FMCSA seeking 4-year delay for medical certificate compliance. Drivers and their employers will be responsible until June 2025 for ensuring medical certifications are properly registered so that state and federal regulators will have enough time to work through IT problems that are holding up a more streamlined compliance system.
In a proposed rulemaking scheduled to be published in the Federal Register on Thursday, the Federal Motor Carrier Safety Administration (FMCSA) is looking to extend the final rule for its Medical Examiner’s Certification Integration from June 22 of this year to June 23, 2025.
“This action is being taken to provide FMCSA time to complete certain [IT] system development tasks for its National Registry of Certified Medical Examiners (National Registry) and to provide the State Driver’s Licensing Agencies (SDLAs) sufficient time to make the necessary IT programming changes after the new National Registry system is available,” it said.
FMCSA created the national registry in 2014 in response to a federal law requiring that the agency verify that medical examiners can determine if truck drivers meet FMCSA’s physical qualifications. Physicians must be registered with the registry to perform the driver exams.
Implementation of a 2015 final rule meant to ease the flow of electronic certification among states and the federal government was delayed by various challenges, according to FMCSA.
“Among those challenges was an unsuccessful attempt by an intruder to compromise the National Registry website in December 2017,” FMCSA stated in the notice this week. “Although no personal information was exposed, FMCSA took the National Registry system offline until mid-2018 to ensure it was secure. This action and other related actions affected the schedule for implementing the provisions of the 2015 final rule and resulted in the postponement of the compliance date” to 2021.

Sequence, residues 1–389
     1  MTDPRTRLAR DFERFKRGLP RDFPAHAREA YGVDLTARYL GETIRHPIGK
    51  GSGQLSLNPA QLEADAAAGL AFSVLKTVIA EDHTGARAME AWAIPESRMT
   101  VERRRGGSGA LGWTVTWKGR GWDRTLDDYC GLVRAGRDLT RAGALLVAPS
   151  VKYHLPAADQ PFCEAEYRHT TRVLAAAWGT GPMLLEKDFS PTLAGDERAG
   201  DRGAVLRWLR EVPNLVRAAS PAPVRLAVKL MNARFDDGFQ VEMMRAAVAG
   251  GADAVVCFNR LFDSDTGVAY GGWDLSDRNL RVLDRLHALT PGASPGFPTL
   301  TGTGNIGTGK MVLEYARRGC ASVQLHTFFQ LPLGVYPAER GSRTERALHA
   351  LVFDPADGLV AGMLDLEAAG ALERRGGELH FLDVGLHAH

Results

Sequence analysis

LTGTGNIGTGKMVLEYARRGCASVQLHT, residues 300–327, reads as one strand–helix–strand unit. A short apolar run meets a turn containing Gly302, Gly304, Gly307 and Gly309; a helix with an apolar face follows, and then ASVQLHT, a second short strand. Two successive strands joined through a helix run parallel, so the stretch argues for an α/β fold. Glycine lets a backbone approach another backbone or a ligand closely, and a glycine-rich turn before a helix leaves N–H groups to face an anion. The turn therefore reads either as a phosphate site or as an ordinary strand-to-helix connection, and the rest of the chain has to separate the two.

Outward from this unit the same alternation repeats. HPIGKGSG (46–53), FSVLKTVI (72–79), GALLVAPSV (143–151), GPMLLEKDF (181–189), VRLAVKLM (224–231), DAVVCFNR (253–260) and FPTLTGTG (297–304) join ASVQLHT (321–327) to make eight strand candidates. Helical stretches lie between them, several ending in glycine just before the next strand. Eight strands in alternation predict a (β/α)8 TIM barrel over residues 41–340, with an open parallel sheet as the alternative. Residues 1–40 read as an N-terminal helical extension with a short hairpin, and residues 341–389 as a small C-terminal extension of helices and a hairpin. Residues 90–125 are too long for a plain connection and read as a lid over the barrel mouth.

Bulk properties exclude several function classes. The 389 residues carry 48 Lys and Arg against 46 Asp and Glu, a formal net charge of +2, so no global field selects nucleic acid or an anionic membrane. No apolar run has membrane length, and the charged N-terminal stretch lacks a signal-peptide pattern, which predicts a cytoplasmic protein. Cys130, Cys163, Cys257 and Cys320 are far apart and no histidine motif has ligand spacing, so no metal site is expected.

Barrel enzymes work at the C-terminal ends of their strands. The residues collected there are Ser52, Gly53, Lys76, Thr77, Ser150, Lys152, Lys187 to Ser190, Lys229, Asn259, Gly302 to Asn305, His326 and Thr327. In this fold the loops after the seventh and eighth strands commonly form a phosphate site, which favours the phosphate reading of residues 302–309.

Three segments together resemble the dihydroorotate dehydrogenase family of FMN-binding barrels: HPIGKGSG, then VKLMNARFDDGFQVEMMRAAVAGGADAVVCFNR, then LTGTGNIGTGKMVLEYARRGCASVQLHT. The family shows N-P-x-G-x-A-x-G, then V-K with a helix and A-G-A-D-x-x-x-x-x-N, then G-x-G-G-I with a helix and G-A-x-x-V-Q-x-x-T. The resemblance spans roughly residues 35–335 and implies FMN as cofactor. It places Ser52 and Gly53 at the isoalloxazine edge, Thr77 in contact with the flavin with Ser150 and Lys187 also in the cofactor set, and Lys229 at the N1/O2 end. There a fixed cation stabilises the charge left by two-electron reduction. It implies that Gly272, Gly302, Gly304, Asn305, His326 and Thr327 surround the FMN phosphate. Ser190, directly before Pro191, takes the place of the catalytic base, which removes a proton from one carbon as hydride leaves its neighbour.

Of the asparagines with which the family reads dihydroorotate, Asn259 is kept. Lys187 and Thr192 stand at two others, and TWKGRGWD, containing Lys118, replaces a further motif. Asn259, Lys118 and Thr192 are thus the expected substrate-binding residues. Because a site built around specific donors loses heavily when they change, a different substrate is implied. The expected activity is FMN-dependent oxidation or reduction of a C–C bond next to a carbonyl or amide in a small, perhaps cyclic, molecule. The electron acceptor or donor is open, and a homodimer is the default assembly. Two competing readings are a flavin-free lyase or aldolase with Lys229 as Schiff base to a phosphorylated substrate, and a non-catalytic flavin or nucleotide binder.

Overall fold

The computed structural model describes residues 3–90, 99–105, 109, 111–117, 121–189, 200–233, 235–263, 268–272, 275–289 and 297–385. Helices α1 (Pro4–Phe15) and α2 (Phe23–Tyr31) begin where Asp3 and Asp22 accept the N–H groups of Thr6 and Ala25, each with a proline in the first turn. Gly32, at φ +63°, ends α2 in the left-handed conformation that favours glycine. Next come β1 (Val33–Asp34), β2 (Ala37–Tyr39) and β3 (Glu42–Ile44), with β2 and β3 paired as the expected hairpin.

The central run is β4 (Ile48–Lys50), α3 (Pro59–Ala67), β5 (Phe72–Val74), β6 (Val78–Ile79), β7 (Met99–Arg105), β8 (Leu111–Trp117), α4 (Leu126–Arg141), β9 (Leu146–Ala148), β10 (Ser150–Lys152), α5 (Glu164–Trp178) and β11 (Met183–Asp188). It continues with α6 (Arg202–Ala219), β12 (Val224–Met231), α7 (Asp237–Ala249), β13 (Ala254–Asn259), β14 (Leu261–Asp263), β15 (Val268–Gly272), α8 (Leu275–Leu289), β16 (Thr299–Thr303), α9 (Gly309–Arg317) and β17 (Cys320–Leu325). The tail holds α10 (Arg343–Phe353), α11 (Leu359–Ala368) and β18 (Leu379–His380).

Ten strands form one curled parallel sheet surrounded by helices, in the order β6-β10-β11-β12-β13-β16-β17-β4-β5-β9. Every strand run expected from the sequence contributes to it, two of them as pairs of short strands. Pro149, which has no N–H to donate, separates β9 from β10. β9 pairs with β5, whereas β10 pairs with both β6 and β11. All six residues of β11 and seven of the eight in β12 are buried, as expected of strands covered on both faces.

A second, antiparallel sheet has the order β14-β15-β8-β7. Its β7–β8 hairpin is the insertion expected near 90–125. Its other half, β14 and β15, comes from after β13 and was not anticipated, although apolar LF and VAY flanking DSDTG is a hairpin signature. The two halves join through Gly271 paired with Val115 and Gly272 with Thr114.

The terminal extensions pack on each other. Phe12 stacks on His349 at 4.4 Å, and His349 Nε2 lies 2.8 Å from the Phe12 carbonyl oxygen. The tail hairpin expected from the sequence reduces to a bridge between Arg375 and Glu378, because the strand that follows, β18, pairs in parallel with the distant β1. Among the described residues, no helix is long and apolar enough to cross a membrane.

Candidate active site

David Osiecki, president and CEO of Scopelitis Transportation Consulting, explained that because FMCSA is not properly connected electronically with the country’s 50 state motor vehicle departments (DMVs) – which is what the integration final rule is supposed to do – drivers themselves have to take their medical certifications to the DMVs. Their employers are then supposed to make sure that the information gets posted on their commercial driver’s licenses.
“This was all supposed to have been put in the government’s hands, and the government so far has not been able to deliver,” Osiecki told FreightWaves. “So the driver and the company are still left holding the bag.”
Osiecki also cited the safety reason for moving from paper to electronic certification. “This rule was supposed to take the potential for falsifying paper medical certificates out of the process, but the opportunity for that occurring is still there.”
The notice scheduled to be published this week follows an audit report issued in January by the Department of Transportation’s Office of Inspector General (OIG) finding that the registry contained outdated medical licenses as well as the potential for 780,000 driver examinations missing altogether from the database. The OIG made recommendations to the FMCSA administrator to improve oversight of the agency’s medical certificate program once a new registry is in place.